With all but essential retailers closed, the majority of firms have seen the taps turn off overnight and revenue from cash sales plummet, putting extreme demands on cash reserves and creating cash flow pressures. Those that are reliant on cash sales and those who have money tied up in stock and receivables no doubt felt the pinch quickly. Firms with an online presence will have clearly benefitted but the sudden increase in demand that some have seen, has resulted in websites only offering sales for limited hours in a day or even implementing queuing systems, to manage demand due to a lack of capacity. This in itself still creates a cash flow issue. We have also seen firms cancel dividend payments. This article goes into further detail regarding the insurer Aviva cancelling its 2019 dividend payment.

The impact on high street names

High street retailers were already struggling prior to the crisis. A report by the British Retail Consortium suggested that 2019 was the worse year for retailers in 25 years. Therefore in a sector that was already struggling, the crisis couldn’t have come at a worse time. According to an article in The Times on 10th April, Callum Jones wrote that the projected cash flow of 34 leading retailers was set to fall into negative territory. Some of these retailers include high street names such as: JD Sport, Dixons Carphone and Pets at Home. This was based on modelling from a consultancy firm that forecasted a 70% fall in sales. Post-crisis, what will the high street look like? For those that survive, how will their operations be affected by the lack of cash?

Planes and Automobiles

Airports and airlines have also been some of the hardest hit. As countries closed their borders, fleets of planes were grounded and along with that, revenue streams. In an article in the Economist, it was put forward that three quarters of airlines couldn’t cover costs beyond three months. Some of the biggest airlines have managed to secure credit lines from banks to support their cash flow. This still begs the question, what will the competitive landscape look like in 6 months? Will we see state aid as in the case of the USA? To read more about how the airline industry has been affected click the following links to articles in The Economist and The Guardian.

The unprecedented fiscal interventions by the government aims to prevent industrial scarring and the furloughing of workers via the job retention scheme. This will no doubt prove to be extremely beneficial but some firms will still suffer. Car manufacturers face significant fixed costs which must still be paid regardless of production. One UK firm which has been reportedly ‘scrambling’ to save cash is Jaguar Land Rover. A report in the April 5th edition of the Sunday Times stated that the shutdown of UK operations was estimated to cost £1bn a month. JLR is known for its R&D and has expanded its operations in the UK to support electric car development; fitting with changing market conditions and external pressures.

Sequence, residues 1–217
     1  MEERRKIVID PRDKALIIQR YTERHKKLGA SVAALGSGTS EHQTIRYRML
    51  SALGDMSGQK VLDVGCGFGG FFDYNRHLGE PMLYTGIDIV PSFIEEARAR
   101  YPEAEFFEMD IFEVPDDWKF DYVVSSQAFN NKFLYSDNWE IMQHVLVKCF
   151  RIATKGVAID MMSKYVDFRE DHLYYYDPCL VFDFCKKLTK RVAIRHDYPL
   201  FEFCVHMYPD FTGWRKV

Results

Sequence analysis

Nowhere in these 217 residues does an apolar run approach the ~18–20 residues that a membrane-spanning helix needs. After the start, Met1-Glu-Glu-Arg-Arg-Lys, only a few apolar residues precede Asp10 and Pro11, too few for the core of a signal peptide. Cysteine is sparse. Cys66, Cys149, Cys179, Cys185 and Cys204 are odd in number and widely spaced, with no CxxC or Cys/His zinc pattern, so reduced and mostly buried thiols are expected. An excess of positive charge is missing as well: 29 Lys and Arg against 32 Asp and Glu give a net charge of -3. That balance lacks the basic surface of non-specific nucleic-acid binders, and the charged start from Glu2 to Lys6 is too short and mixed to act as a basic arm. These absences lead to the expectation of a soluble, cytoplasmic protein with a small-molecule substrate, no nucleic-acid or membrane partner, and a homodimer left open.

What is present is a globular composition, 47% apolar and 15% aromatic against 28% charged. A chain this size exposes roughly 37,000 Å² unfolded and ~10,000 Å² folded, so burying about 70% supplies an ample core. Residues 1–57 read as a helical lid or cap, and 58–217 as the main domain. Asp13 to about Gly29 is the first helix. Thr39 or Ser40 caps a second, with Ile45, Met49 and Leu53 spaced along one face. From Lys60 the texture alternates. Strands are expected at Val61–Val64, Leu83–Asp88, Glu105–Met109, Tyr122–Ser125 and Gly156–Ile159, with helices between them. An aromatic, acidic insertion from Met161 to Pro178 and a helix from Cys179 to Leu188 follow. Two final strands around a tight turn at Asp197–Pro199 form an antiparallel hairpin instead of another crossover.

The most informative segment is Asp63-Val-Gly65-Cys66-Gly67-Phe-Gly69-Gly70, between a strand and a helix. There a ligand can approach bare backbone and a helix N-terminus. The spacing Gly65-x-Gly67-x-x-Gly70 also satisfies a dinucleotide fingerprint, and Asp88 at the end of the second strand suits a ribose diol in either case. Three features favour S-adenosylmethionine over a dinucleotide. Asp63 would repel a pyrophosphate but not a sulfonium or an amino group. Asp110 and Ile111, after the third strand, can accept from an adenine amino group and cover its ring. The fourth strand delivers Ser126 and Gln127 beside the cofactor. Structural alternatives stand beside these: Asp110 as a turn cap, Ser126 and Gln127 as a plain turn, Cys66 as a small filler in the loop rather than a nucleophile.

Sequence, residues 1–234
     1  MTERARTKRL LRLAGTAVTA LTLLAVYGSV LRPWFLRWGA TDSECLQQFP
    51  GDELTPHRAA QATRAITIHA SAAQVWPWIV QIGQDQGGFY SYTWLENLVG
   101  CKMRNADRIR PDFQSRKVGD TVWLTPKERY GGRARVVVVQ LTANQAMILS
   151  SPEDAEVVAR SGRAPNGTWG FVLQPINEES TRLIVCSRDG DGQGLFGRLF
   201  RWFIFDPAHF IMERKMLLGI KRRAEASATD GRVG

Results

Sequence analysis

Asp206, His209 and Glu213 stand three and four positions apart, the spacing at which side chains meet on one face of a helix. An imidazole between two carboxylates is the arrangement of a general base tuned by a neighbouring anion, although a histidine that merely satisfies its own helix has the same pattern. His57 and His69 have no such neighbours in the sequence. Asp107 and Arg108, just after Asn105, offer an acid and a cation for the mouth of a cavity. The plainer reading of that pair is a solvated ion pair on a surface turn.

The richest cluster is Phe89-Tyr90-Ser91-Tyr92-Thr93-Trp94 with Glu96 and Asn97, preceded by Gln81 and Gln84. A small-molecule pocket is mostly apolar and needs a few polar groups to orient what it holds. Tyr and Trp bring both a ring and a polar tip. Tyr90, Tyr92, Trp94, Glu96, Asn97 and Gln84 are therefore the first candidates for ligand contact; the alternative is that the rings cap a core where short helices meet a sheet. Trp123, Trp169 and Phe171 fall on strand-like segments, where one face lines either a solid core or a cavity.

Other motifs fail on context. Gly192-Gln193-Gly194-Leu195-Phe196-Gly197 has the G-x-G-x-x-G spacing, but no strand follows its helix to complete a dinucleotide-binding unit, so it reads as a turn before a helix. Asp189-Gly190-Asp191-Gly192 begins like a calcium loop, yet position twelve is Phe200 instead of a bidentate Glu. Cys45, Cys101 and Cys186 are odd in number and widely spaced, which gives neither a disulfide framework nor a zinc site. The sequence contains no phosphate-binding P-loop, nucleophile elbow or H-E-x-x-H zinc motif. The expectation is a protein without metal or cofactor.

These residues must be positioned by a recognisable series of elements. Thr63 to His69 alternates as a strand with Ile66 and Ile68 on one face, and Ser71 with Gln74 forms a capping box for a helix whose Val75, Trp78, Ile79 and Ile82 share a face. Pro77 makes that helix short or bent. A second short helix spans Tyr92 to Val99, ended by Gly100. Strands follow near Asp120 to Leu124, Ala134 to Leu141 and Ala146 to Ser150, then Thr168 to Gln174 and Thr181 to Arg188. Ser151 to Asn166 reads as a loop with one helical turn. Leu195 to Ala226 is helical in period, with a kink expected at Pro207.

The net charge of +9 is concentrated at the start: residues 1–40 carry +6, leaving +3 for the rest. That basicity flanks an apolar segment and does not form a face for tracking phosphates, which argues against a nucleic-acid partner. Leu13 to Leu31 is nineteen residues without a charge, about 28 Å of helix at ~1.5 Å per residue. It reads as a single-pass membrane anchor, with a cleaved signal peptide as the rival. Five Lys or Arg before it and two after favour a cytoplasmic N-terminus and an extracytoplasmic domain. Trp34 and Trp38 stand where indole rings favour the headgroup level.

Research Activity

The new Jaguar XJ is the company’s latest addition to its electric vehicle (EV) portfolio and it is touted as the rival to the Tesla Model S.

When Jaguar’s production facilities reopen, management are faced with two choices:

1) Do they continue development of the car, ready for a launch in 2021?


2) Prioritise production of the successful Range Rovers and Land Rover Defenders?

Use the internet to conduct some research. Consider the merits and drawbacks of each option and justify which you think JLR should choose.

Welcome to A level chemistry at Barrow 6th Form College

Chemistry is a dynamic and constantly evolving discipline at the forefront of scientific discovery and is of vital importance in today’s modern society.

To give you a feel for the importance of chemistry in the modern industrial world you can visit the following site:

Website: https://www.essentialchemicalindustry.org/

An important aspect of Chemistry is the Periodic table. At the University of Nottingham, they have developed an interactive table, which contains videos of the key chemistry of each element. Click on the link below and explore the richness of the chemistry of the elements.

Web site: http://www.periodicvideos.com/

Molecules are varied and complex in their chemical behaviour in nature. This web site introduces you to the wide diversity of compounds and their chemistry.

Molecules of the month: http://www.chm.bris.ac.uk/motm/motm.htm

Preparation for A level chemistry